Dividing Your Estate Among the Chosen Beneficiaries: Minimizing Confusion

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Jeffrey Johnson is a legal writer with a focus on personal injury. He has worked on personal injury and sovereign immunity litigation in addition to experience in family, estate, and criminal law. He earned a J.D. from the University of Baltimore and has worked in legal offices and non-profits in Maryland, Texas, and North Carolina. He has also earned an MFA in screenwriting from Chapman Univer...

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UPDATED: Jul 15, 2021

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Most Americans die without ever making a will, which is the worst mistake one can make in estate planning. Without a will, your property generally goes to the beneficiaries specified in the laws in your home state rather than those you might prefer to inherit. That can lead to disappointment and family discord.

Divorce, remarriage, or having children with more than one spouse are just a few of the things that complicate estate planning. Consider whether your family dynamics make it sensible to discussion your intentions with close relatives. (Read our related article on fairness in dividing family assets.) However, intentions alone are insufficient. It is essential to create a valid will and/or a trust.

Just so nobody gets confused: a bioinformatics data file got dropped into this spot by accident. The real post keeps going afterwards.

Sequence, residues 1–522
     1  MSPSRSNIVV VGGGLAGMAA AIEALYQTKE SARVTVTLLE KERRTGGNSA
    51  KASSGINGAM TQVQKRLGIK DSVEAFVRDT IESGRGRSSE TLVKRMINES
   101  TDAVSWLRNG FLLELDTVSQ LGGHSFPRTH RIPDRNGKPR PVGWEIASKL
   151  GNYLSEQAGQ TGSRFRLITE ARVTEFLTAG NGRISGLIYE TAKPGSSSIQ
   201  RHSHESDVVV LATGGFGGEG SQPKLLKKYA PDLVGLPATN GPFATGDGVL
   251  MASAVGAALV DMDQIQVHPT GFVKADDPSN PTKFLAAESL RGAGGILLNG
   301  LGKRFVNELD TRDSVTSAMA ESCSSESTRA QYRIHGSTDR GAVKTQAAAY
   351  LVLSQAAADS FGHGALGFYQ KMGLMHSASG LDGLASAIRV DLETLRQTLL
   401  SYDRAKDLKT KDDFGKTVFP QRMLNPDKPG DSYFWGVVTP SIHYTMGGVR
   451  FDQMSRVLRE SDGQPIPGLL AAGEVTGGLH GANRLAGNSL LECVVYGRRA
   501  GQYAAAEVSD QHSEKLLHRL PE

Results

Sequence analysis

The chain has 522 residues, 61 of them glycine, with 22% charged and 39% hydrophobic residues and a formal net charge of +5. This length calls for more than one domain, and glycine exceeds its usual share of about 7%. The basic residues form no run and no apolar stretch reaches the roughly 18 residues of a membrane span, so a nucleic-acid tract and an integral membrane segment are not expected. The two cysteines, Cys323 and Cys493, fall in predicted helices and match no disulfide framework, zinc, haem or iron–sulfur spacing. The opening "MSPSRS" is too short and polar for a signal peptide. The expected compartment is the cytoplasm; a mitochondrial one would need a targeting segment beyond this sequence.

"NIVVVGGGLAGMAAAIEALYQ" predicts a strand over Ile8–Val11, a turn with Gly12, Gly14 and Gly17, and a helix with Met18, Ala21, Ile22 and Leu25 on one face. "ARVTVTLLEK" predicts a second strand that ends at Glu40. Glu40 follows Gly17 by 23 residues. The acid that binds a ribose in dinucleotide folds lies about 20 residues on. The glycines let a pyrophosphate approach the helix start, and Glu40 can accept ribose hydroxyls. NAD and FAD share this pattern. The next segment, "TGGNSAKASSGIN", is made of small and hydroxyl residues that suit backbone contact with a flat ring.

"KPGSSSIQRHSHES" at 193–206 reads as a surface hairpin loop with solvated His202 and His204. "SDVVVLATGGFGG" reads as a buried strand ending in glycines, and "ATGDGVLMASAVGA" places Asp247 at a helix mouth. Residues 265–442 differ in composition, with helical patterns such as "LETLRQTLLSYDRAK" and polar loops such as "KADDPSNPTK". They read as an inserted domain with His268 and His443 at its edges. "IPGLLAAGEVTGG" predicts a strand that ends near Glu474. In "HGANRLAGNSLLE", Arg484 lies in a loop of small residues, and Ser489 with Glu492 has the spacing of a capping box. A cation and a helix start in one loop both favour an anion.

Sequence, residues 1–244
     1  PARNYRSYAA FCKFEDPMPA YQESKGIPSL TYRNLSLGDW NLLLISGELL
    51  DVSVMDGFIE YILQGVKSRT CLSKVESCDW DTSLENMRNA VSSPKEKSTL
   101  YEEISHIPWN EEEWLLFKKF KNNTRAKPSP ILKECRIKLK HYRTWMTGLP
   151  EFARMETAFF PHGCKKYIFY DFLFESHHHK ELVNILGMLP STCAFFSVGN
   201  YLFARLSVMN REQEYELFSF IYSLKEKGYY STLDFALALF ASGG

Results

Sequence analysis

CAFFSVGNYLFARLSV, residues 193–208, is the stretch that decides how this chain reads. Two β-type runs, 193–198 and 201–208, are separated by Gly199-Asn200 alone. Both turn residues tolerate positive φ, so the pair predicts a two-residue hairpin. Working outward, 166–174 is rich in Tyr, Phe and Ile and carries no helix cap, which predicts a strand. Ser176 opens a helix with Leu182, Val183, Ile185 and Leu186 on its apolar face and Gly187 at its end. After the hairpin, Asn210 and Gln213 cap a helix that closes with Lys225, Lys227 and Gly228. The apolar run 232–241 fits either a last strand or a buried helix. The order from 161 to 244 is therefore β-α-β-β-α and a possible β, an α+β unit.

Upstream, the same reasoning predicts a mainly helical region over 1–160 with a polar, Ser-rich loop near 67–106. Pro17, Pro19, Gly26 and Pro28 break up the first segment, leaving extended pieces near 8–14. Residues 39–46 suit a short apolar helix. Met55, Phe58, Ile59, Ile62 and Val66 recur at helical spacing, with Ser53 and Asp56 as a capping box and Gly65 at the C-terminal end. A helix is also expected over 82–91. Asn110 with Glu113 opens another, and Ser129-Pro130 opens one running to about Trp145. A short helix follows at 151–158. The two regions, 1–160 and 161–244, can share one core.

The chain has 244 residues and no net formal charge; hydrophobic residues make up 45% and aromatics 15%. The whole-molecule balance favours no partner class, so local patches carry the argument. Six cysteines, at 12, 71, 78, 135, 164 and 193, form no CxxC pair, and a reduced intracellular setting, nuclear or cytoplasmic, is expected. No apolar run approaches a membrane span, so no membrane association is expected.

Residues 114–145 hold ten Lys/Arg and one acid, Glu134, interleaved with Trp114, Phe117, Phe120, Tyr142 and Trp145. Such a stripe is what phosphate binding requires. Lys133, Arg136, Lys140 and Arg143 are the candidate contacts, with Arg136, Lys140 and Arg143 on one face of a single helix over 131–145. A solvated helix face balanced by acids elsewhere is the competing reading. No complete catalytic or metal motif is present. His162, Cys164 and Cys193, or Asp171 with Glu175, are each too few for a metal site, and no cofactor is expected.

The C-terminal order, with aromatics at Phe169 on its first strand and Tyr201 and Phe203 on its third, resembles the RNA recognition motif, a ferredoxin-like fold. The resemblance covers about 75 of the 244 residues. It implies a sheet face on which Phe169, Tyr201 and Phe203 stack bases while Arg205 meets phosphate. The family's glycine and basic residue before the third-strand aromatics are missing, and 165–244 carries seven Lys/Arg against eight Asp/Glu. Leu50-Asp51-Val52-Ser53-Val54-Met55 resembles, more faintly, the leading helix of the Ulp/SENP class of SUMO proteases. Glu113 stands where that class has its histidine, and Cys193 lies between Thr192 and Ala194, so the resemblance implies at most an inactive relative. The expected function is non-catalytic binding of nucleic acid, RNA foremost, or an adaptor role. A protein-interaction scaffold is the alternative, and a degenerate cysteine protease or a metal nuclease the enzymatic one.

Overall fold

To minimize the possibility of confusion among your chosen heirs, heed the following guidelines:

  1. It almost always pays to have an estate lawyer prepare or review your will. It is far too easy to make a mistake with a stationery store or computer-generated will, resulting in huge costs and delays to your heirs.
  2. Your will must be properly witnessed to be valid. Your beneficiaries should not be witnesses. (In states where holographic or handwritten wills are allowed, witnesses may not be required.)
  3. Appoint a will executor to handle the distribution of your assets to your heirs and name substitutes should they be needed.
  4. If you move to another state after your will has been signed, it remains valid. Yet it would be wise to have a lawyer in your new home state review it to avoid potential probate glitches.
  5. Ownership of some property goes by beneficiary designation, not by will. Make sure your beneficiary designations are up-to-date.
  6. Create a folder designated “Open in Case of Death”. Inside put contact information for your executor and lawyer, as well as the location of your will. Also include important financial information—bank account numbers, insurance policies, and data about stocks, bonds, and retirement funds. Include copies of your most recent income tax returns and your burial preferences. Tell your family where this folder is kept.
  7. Makes estate planning choices while you are still healthy.

To contact an estate planning attorney in your area, click here.

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